Parkers’ book alleged that a Scotsman named William Irvine had started our church in Ireland, and further, that it was not even 100 years old!  He revealed that the church’s history had been hidden after the founder was excommunicated.

Of course, I was shocked and very skeptical of the contents of the book, so I decided to investigate further. If Parkers’ information was correct, we were victims of spiritual fraud; our salvation was based on fraud. I was determined to get to the bottom of this and find out for myself what the truth really was.

Independently (without contacting the Parkers), I obtained my own copy of all sources/references in Parkers’ book, including a copy of every newspaper article and book Parkers quoted, often certified copies. When my detective work was finished, I had proved beyond all doubt that Parkers’ book was a factual, accurate representation of the history of my church. I only found a few insignificant scribal errors; nothing that affected the integrity of the book. I was unconvinced when I began my search, but by the end, I was more than convinced. I was positive the Parkers’ account was true.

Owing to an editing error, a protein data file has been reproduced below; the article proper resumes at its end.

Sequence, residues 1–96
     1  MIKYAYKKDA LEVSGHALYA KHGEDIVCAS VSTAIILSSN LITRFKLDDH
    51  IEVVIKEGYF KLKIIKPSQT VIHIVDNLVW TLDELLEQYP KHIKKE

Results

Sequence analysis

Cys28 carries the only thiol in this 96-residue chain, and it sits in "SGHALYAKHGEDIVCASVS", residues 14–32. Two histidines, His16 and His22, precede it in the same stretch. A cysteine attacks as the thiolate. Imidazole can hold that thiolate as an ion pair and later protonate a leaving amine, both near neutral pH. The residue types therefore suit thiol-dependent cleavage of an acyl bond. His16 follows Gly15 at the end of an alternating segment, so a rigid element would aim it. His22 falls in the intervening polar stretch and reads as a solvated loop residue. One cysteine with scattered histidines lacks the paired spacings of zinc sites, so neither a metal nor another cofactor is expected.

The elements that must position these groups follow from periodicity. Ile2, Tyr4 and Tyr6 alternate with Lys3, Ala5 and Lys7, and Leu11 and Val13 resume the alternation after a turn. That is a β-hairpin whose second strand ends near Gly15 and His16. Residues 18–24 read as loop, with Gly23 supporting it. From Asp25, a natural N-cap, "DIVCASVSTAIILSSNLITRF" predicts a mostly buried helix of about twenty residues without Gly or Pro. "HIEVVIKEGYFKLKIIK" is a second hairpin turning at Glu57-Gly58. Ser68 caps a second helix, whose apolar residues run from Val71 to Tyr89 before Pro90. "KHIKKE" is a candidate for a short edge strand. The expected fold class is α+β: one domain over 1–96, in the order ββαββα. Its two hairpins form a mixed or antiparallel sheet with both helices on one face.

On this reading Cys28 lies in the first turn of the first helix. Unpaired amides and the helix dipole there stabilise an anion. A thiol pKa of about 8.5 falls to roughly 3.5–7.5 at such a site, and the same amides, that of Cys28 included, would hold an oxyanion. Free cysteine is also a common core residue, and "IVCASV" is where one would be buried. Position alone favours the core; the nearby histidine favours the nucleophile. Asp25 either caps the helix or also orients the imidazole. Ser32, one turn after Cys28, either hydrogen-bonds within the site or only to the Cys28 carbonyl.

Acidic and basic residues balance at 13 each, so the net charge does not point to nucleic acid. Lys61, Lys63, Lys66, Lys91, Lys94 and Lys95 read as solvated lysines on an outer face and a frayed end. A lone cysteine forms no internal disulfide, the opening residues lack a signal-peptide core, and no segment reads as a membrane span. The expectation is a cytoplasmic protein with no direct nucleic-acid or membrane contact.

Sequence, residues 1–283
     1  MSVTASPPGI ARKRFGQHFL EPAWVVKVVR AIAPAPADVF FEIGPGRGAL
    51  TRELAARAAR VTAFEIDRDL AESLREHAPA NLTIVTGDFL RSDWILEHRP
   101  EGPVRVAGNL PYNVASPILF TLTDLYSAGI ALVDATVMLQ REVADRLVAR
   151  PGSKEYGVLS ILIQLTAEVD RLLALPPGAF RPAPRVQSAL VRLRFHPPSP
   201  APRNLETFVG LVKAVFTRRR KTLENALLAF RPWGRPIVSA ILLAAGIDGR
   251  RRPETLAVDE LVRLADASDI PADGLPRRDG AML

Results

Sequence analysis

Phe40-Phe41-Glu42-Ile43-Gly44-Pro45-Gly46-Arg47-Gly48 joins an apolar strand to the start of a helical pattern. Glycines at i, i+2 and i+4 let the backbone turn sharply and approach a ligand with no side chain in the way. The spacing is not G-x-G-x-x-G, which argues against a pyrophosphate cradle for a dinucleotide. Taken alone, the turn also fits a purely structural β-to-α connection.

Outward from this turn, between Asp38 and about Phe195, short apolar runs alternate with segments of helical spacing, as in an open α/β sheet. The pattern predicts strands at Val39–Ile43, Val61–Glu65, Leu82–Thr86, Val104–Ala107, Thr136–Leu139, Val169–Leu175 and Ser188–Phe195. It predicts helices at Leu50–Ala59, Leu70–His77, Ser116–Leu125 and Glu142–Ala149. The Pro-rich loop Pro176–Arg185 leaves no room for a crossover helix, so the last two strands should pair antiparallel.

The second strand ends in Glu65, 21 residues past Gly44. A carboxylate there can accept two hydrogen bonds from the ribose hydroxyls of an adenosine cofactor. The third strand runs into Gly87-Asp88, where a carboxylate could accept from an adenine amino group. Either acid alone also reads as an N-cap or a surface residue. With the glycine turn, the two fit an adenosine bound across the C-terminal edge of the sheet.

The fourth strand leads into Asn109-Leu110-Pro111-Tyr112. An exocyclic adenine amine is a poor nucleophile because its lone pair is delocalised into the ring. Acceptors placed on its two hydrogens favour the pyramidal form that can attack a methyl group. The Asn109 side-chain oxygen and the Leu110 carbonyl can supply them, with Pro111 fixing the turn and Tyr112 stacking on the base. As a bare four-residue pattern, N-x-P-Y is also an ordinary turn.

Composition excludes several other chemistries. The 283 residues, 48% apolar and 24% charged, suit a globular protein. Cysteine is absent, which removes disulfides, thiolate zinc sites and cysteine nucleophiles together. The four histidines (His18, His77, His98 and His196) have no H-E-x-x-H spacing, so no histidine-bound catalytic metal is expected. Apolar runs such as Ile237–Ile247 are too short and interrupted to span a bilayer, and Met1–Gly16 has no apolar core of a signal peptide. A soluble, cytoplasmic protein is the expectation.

The Secret Sect is the single book that has had the most impact on my life, except for the Bible. About a year after I read this book, I attended my last church meeting in May 1990.

I sent a six-page letter to 100 friends and family, telling them that I’d left the church and why (my Exit Letter). I received a few replies; none believed the short history of the church or that there was a founder.

The following year, I wrote a 52-page letter to the same people addressing all the responses I’d received and attaching documents proving the church started around 1900. I didn’t know it then, but that 52-page letter was the start of my book.

Through the years, I discovered additional historical information that Parkers did not have when they wrote their book in 1982 (now out of print). I continued to add to my collection of historical documents about this church, especially newspaper articles. I bought every book I could find that contained material about this church for my library. I typed notes about discoveries and various related subjects. Slowly my file cabinets became filled with hard copies of source material, and other file cabinets were added. I had no idea that one day my collection would wind up in chronological order in a book–this book!